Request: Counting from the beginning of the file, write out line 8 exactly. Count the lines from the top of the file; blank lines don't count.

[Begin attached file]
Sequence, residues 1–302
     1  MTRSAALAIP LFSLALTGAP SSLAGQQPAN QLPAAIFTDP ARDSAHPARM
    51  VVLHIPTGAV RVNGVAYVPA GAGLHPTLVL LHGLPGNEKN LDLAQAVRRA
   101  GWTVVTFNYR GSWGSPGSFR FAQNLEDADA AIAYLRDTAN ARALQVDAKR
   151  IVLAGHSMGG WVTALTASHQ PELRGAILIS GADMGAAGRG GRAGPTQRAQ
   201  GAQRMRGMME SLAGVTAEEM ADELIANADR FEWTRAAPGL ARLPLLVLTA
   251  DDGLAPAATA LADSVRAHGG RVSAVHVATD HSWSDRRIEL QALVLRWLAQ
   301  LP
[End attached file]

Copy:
   301  LP